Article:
Intellect, as someone once said, is what separates us from the animals. Well, that and not being afraid of vacuum cleaners. So this week, we bring some powerful human intellect to bear on some puzzling animal behaviour.
“Infants use their index fingers to point in what appears to be an attempt at communicating,” writes Dennis Parsons of Victoria. Do simians do the same?
Well, yes and no, says Frances Burton, professor emerita of anthropology at the University of Toronto. “Simian” is a term referring to monkeys and apes, she explains, but the difference between them is very great.
“Significant evolutionary developments occurred in the ape line that monkeys do not exhibit,” she writes. “Among these is pointing.”
This was once thought to be exclusively human behaviour, but “there is now clear evidence that the apes (chimps and bonobos in particular) demonstrate referential pointing,” she writes. “That is, they point to an object to communicate an idea or future action. Monkeys give significant looks but do not point.”
She also tells us that monkeys do not see themselves in mirrors, whereas apes can.
So, “while there are important genetic differences between apes and us, there is certainly a clear indication that our ancestors and their ancestors were in the same pool.”
Roger Young of West Vancouver wants to know why cats don’t like being in water.
Some cats don’t seem to mind it, according to Derek Wilson.
Twice in early May, he discovered animal droppings on Burnaby Mountain, near his home in Port Moody, B.C., that appeared to have been left by a cougar, or mountain lion.
“Since Burnaby Mountain is surrounded by urban development on three sides and the salt water of Burrard Inlet on the fourth side,” he writes, “I wondered how the large cat had found its way to this location.”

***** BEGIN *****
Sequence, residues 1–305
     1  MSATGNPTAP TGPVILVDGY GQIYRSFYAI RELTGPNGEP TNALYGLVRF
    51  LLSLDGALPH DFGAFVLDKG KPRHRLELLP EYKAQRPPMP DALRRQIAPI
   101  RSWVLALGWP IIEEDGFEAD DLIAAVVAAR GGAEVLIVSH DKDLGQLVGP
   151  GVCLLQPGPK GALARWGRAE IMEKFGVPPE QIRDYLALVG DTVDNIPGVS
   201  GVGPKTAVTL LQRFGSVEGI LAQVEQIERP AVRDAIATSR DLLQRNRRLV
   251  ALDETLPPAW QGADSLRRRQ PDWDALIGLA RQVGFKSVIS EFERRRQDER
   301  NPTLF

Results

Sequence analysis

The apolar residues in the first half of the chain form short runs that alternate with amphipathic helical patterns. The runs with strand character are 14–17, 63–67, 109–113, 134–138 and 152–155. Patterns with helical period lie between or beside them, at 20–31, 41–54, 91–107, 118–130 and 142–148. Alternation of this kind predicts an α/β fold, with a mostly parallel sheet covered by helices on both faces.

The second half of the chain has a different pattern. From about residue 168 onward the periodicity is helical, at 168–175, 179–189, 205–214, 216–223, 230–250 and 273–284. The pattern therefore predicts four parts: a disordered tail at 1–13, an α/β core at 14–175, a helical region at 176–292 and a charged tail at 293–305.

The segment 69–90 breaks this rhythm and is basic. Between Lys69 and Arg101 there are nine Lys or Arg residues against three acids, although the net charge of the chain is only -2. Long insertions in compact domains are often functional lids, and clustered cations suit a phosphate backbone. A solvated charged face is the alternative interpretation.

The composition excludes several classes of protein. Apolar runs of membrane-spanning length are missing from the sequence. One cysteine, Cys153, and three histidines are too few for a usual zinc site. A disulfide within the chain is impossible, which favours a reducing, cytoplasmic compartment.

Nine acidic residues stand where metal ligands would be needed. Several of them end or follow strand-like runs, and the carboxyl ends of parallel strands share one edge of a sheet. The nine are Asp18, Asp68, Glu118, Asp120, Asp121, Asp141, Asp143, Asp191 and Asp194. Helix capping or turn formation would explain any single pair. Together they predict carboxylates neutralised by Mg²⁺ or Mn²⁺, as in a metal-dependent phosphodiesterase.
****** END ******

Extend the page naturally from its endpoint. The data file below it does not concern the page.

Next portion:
So, he borrowed a copy of The Cougar Almanac: A Complete Natural History of the Mountain Lion by Robert H. Busch. The book told him that cougars are good swimmers and it included a photograph of a big cat proving the point.
Mr. Wilson also talked about this with a neighbour, a marine mechanic, who remarked that he had met some fishermen who had encountered a cougar swimming between islands in the Strait of Georgia.
“So,” he says, “there are some cats who are good swimmers – although who knows if they really like to do it.”
While we’re on the subject of water, Eric Morris of Montreal wonders whether pets prefer to drink water that’s cold or at room temperature.
Margie Halling of Toronto, who has a golden retriever and a cat that is a Himalayan-Siamese cross, tells us that she always keeps a clean bowl of water for her pets at room temperature. “But when I open the fridge and fill a small second bowl with cold water, the gang comes running. So, in our house, regardless of species, cold water wins hands (paws) down.”
Meanwhile, E. Veitch of Cork Station, N.B., writes: “My Great Pyrenees mountain dog would not drink water at room temperature. She’d wait until I added ice cubes.”
- Paul Therrien of Gatineau, Que., would like to know if any composers have based pieces of their music on bird songs.
- When police use a lineup to identify a suspect, where do they get the other people? asks M.H. Brown of Vancouver.
- Jackie Phillips of Toronto wonders why we talk about someone’s “neck of the woods.” Why “neck”?
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